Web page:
Besides the myriad design events happening across the globe right now, Brooklyn's own DUMBO Arts Festival took place this past weekend. The programming sounded similar to projects and installations that colonize Governor's Island every summer, albeit within the much smaller footprint of DUMBO ("Down Under the Manhattan Bridge Overpass," for the uninitiated): site-specific pieces that are experimental yet accessible, mostly by local artists.
Former Core clogger and creative polymath Emilie Baltz collaborated with musician/architect Jeremy Linzee on a speculative sculpture installation, "BUOYS," for the occasion:
For centuries, man has placed navigation aids in the water to orient himself to his surroundings. Even with today's sophisticated GPS satellite technology, buoys are still an essential analog part of the marine landscape, allowing mariners to find their way and safely navigate through waters of unknown depth and provenance.
The BUOYS project for DUMBO proposes the placement of five buoys in the basin of Empire-Fulton Ferry State Park, [which will] float on the surface of the water reflecting the surroundings. As a point of stillness in the water, it allows visitors to the park to take notice of their surroundings in a new way.
As the action of the water makes it move, the public beach, the sky, bridges and buildings of Manhattan and Brooklyn will be reflected in their surface. The change in light will make the buoy glow orange in the water as the sun sets and as the waves moves it, reflections from the lights of both the Manhattan and Brooklyn bridge will twinkle on its surface.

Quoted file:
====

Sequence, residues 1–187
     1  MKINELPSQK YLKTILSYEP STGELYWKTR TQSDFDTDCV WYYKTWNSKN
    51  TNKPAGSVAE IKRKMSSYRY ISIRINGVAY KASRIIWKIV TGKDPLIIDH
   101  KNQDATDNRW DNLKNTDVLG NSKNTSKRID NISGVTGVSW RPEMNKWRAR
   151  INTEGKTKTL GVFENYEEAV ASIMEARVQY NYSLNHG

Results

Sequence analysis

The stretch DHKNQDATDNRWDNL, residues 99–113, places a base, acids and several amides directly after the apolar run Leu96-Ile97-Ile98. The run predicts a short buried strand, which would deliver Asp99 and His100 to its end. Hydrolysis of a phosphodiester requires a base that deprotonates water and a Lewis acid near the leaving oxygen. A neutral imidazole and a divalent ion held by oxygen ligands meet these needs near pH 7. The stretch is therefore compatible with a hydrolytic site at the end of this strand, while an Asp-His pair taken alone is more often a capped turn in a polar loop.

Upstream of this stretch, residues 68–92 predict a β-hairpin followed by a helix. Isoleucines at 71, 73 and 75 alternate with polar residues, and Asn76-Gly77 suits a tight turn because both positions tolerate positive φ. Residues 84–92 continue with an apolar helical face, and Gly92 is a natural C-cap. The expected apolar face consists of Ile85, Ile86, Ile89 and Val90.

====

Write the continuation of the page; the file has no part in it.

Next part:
The buoy is a mirrored disk of stainless steel that measures 12 feet in diameter and weighs in at roughly 430 pounds. I, for one, can't help but be reminded of Anish Kapoor's massive mirrored surfaces or Olafur Eliasson's similarly sublime explorations of light and perception.
The awkwardly-named Empire-Fulton Ferry State Park occupies the waterfront real estate between the Manhattan and Brooklyn Bridges. Like much of the North Brooklyn waterfront, the area was an industrial hub in its past incarnation, since reclaimed for recreational use. We've seen a creative approach to this unique space before, but insofar as the park is still a work in progress, we hope that one of these projects comes to fruition by next summer.